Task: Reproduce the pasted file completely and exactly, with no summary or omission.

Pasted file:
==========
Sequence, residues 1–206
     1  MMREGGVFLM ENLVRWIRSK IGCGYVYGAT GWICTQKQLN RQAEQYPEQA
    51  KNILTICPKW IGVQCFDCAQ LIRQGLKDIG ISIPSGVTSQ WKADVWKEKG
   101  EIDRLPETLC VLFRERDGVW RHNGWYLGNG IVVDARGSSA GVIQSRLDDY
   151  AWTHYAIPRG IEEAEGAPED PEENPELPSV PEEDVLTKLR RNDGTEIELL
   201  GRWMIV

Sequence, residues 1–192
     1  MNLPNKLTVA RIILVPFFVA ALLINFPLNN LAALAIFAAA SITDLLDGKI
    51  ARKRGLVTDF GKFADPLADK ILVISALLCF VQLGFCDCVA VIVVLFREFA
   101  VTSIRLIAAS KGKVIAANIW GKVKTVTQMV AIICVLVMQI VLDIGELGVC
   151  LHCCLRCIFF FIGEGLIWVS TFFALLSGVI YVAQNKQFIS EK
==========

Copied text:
Sequence, residues 1–206
     1  MMREGGVFLM ENLVRWIRSK IGCGYVYGAT GWICTQKQLN RQAEQYPEQA
    51  KNILTICPKW IGVQCFDCAQ LIRQGLKDIG ISIPSGVTSQ WKADVWKEKG
   101  EIDRLPETLC VLFRERDGVW RHNGWYLGNG IVVDARGSSA GVIQSRLDDY
   151  AWTHYAIPRG IEEAEGAPED PEENPELPSV PEEDVLTKLR RNDGTEIELL
   201  GRWMIV

Sequence, residues 1–192
     1  MNLPNKLTVA RIILVPFFVA ALLINFPLNN LAALAIFAAA SITDLLDGKI
    51  ARKRGLVTDF GKFADPLADK ILVISALLCF VQLGFCDCVA VIVVLFREFA
   101  VTSIRLIAAS KGKVIAANIW GKVKTVTQMV AIICVLVMQI VLDIGELGVC
   151  LHCCLRCIFF FIGEGLIWVS TFFALLSGVI YVAQNKQFIS EK